Thursday, September 26, 2013
10 Lessons in Customer Satisfaction
From 1992 to 2009, I ran online survey companies Decisive Technology and CustomerSat. Here are ten customer satisfaction lessons I learned in those 17 years:
American General sells just life insurance; 21stCentury, just auto insurance. Both enjoy higher satisfaction than other companies that sell many types. Serving one set of customers well is hard enough; serving many different customer sets is much harder. Execs at those businesses can’t be as familiar with the requirements of each customer set; they misestimate or misunderstand requirements; and use precious resources and time trading-off one set for another.
A 7.5 on a 10-point scale can be high for one attribute but low for another. “Courtesy and professionalism” may be a full point higher than “how well your representative knows my company.” Human-based attributes like these tend to get higher scores than inanimate ones such as documentation. People are more willing to criticize processes and technology than humans.
By itself, a score of 7.5 conveys little, even if we know that standard deviation is .6. But adding that the relevant benchmark score is 8.1 reveals that performance is one full standard deviation below benchmark. That tells us a great deal.
Benchmarks let us more effectively prioritize areas of improvement. If our smart phone scores 7.7 in compactness and 7.3 in style, it might appear that style deserves higher priority. But, if for all brands in the target market, the norm is 7.0 for style and 8.0 for compactness, our scores relative to benchmarks are -.3 on compactness and +.3 on style, giving a very different picture.
With today’s feedback systems, teams, departments and business units can all be held accountable for their satisfaction performance and can take immediate and targeted action when problems arise. These enterprise-wide benefits are elevating Customer Advocacy and its importance in organizations, in some cases to the office of the COO.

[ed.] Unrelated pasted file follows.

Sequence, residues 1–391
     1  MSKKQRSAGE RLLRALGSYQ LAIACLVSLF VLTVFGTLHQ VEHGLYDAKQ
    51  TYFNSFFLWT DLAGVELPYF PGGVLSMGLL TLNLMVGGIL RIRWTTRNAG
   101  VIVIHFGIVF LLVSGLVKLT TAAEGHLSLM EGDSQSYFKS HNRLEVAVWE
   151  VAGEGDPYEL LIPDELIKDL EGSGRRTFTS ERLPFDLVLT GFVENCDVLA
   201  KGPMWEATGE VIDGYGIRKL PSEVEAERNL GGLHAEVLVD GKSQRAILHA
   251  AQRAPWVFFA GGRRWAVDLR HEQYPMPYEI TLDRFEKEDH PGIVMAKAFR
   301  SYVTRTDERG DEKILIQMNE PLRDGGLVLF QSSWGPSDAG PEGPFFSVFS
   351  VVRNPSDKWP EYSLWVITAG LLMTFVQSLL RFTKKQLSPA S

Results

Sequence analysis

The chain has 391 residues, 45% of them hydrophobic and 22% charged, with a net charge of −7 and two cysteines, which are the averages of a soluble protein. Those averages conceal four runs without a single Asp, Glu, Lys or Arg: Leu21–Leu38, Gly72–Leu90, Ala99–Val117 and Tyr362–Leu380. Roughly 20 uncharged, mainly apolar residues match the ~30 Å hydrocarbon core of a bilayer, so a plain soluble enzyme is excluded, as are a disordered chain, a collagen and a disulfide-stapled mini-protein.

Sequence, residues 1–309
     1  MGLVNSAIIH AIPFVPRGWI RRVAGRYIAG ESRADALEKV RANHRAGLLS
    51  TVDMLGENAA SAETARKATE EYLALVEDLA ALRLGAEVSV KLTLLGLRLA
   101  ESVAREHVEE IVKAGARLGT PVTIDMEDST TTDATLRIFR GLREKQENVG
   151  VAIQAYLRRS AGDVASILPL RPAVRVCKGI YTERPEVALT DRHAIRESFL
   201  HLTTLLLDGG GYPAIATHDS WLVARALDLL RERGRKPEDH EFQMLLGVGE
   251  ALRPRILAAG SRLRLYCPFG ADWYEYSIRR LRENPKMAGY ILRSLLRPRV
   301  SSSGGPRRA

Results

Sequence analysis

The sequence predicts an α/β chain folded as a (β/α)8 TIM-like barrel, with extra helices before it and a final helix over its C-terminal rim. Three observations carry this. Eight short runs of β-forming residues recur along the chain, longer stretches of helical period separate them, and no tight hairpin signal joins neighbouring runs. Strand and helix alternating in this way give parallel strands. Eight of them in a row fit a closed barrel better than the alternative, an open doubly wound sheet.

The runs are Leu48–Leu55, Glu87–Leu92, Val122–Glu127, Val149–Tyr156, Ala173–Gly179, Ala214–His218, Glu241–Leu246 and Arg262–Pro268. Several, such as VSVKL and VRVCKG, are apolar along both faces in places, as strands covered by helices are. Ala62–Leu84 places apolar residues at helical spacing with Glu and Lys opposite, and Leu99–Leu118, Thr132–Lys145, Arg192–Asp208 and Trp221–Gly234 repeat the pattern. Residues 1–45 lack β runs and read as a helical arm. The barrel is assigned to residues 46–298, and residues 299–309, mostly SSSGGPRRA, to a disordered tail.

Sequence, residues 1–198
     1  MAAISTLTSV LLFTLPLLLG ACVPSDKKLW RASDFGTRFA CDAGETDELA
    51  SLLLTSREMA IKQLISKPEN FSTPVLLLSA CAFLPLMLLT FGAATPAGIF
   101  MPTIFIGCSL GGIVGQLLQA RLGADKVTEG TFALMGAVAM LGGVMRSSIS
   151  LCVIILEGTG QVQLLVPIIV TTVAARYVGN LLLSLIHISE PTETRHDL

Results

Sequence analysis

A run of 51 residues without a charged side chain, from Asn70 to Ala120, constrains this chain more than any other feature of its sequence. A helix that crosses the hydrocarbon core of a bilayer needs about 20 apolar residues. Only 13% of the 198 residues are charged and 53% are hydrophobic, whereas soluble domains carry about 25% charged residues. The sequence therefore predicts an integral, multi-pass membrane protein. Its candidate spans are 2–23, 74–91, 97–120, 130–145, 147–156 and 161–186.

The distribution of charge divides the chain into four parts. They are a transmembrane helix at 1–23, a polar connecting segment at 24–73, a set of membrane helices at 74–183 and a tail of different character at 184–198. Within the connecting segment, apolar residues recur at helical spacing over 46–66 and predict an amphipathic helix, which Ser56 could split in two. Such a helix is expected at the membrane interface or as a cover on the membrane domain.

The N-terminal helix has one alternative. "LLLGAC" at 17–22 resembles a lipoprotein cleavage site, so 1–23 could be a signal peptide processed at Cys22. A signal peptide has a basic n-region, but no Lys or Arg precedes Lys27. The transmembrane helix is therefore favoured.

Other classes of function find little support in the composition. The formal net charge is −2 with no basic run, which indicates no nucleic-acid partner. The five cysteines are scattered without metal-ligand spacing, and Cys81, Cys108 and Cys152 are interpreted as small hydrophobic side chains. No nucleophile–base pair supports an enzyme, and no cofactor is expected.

Behaviors include how and when customers make purchases; calls to technical support; attendance at training courses and webinars; “Likes” of Facebook pages; Tweets and re-Tweets; paths walked in retail store aisles; and body language and facial expressions. The number of ways we can track these behaviors – including GPS, cams, motion detectors, RFID tags, and a growing variety of micro-sensors – is skyrocketing. Gathering behaviors typically requires no respondent cooperation. Since survey response rates are falling at the same time, expect to see surveys increasingly becoming tools to validate and interpret behavioral data rather than ends in themselves.
Mainframes, fax machines, and travel agencies all enjoyed high customer satisfaction ratings as they lost market share over the last three decades. The last holdouts of a product or service are often the most loyal and satisfied. So track market share as well as satisfaction.
No one would want to be a passenger in a plane whose pilot had only a single gauge in the cockpit. Similarly, multiple metrics – financial, customer, employee, and market – provide the most complete picture of your business. Any claim that this or that is the “only metric you’ll ever need” is nonsense.
Customer feedback can improve dozens of decisions large and small: product features and positioning, service quality, staffing, organization, order management, even mergers and acquisitions. The evidence from many sources is overwhelming: companies that consistently measure and act on customer feedback really do perform better.